3. Due to the power and some historical luck, the name of Raja Raja Chola remains in the annals of history in the form of Brihadeeshwara Temple. He has managed to seal his name on the walls of human memory.

4. Some dumb lovers thought they would be immortal like Romeo and Juliet by inscribing their names on the ancient walls of the temple and also an innocent water tank behind the main temple. What a pity. Sorry guys, no fucks were given about those little fragments of your imagination.

Finally we packed our bags and left for Pondicherry.

Part 2: http://idiosyncraticidiots.blogspot.in/2015/01/pedaling-in-pondy.html

Friday, December 26, 2014

The Tibetan Sweater Seller

It had been long time since I had used a sweater. There was no need to touch it because neither Mangalore nor Chennai weather would demand someone like me to wear one. It was only yesterday, I picked up my sweater and wore it at home because it was really 'cold' in Tumkur. 

The next day I was sitting in my mom's cloth store, where I was reminded of an old memory. I just picked up my tab and started to write about it and the story just poured out.

When I was a kid, maybe in second standard or so , there was a Tibetan middle aged man who used to set up a makeshift sweater stall beside the entrance of our cloth store. Amma and grandpa used to pronounce the word Tibetan as 'Tibe-teeyan'. Only in my later years did I spot a place called Tibet on the map. I understood about their history and continuing struggle only in recent years.

It wasn't much. He had about 50-100 sweaters with him. I can say that he sold about 3-4 sweaters on an average day. He used to pack it and unpack the entire thing everyday. I never knew where he lived or slept in the night. It was not a matter of concern to me at all. I was just a kid.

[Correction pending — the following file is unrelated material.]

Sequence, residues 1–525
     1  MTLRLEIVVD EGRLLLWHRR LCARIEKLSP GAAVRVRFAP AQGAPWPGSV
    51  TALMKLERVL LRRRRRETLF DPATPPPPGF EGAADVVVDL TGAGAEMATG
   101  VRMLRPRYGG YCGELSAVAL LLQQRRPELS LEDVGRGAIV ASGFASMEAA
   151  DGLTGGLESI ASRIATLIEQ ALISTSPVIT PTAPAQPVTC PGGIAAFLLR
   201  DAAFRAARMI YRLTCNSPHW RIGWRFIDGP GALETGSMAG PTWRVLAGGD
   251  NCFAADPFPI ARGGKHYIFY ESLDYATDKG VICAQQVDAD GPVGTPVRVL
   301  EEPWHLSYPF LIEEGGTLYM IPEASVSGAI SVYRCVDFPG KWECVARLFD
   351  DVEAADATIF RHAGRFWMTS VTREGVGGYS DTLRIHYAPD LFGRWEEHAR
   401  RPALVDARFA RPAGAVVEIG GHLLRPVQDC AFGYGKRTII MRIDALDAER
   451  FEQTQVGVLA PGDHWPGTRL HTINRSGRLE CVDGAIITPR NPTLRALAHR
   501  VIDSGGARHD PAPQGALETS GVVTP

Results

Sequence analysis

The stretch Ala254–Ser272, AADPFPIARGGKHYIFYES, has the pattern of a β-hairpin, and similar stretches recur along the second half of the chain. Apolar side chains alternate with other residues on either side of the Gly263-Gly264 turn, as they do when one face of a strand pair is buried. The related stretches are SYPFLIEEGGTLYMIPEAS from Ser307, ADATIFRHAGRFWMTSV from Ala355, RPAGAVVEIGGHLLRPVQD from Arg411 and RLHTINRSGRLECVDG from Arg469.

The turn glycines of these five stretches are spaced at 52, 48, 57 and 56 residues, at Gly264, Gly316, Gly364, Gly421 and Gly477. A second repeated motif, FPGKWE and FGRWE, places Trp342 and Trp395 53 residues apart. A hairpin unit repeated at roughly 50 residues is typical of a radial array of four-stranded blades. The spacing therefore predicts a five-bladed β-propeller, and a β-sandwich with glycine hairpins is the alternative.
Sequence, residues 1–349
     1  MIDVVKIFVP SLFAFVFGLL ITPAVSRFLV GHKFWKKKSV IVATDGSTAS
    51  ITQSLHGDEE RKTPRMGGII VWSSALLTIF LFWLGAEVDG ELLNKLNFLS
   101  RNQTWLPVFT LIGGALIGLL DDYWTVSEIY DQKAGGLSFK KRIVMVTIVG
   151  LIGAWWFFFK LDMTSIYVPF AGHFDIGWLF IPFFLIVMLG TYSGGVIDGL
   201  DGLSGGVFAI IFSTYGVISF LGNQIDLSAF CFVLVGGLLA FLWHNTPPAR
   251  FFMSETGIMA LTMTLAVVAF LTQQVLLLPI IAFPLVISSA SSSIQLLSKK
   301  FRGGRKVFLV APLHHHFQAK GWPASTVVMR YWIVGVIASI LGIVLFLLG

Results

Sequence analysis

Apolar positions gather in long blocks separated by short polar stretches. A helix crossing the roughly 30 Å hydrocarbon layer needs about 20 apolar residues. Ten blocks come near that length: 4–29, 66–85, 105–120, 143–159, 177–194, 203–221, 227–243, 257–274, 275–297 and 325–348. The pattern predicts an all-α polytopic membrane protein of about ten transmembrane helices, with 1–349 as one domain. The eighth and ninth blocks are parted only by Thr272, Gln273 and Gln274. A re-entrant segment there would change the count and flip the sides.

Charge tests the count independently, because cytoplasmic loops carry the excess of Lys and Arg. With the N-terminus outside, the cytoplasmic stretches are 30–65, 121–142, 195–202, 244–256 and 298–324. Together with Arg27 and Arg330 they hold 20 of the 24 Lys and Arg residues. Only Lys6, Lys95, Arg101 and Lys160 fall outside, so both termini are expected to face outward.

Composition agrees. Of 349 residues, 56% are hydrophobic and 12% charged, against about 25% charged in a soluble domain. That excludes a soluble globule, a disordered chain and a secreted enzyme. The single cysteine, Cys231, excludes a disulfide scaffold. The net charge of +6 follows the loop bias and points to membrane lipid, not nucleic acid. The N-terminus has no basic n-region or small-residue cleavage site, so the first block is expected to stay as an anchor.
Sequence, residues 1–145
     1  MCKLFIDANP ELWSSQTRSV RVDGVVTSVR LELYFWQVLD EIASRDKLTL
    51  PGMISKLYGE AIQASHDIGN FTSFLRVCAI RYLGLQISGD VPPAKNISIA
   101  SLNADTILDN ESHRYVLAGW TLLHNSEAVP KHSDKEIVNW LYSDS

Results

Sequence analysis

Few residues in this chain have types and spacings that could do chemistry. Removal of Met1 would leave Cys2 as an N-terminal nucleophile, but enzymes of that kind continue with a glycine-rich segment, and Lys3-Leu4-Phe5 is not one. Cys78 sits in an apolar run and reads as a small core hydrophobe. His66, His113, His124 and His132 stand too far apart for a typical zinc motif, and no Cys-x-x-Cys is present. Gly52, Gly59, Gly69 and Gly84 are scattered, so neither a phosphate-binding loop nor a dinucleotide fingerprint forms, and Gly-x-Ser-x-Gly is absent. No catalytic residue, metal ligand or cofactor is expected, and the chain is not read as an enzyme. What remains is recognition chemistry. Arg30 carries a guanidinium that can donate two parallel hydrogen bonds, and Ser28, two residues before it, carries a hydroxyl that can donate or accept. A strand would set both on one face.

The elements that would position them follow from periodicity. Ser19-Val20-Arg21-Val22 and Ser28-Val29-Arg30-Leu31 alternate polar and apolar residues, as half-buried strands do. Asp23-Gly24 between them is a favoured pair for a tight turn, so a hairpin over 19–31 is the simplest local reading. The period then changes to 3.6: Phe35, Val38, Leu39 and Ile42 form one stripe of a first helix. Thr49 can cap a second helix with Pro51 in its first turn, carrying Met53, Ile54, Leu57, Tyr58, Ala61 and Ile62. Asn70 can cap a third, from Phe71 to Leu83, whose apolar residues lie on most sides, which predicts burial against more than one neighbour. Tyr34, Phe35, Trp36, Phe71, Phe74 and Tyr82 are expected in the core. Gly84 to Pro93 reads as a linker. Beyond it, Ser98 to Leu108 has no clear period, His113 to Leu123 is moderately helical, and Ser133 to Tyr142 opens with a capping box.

Out of curiosity, I used to go and sit along with that person and talk to him about random things. After all a cloth store is not a great place to spend for a kid. The roadside makeshift place seemed to be more interesting to me.

It was surprising, how I was welcomed to sit beside him on the floor. Mom or grandpa didn't stop me from going out. Even he was a friendly guy who used help us out in the store during busy hours. At some point of time Amma/grandpa agreed to keep his stuff in our store so that he could avoid carrying it everyday.

His Kannada accent was a bit weird, but I could understand him very well. He could sell to villagers and city people alike. He used to come to the same spot every winter. And at the end of every winter he used to gift me a sweater.

Years rolled on. Grandpa died. Mom took over the store. Eventually there was road widening exercise taken up by the municipality. Even we lost a few square feet of space in the store. The pathways were rebuilt. The Tibetan sweater seller disappeared from the scene in this mess. He never came back. Till this afternoon, he had disappeared from my memory (not entirely) as well.

But then, one simple line remains in my memory forever. By the end of everyday he used to say 'It takes just five minutes to close your store, but I take 30 minutes 'I don't understand why I remember that line so distinctly. Maybe I just thought it was fun or something of that that sort. I never knew that Tibetans were refugees from a distant land. They were packing bags on a daily basis. Perhaps they missed their homeland. Some of them wouldn't have seen Tibet  in the first place. Yet this distant memory helps me in appreciating their experience/concern. It also helps me appreciate how distinct people cross our paths and leave a trace of their personality without our knowledge.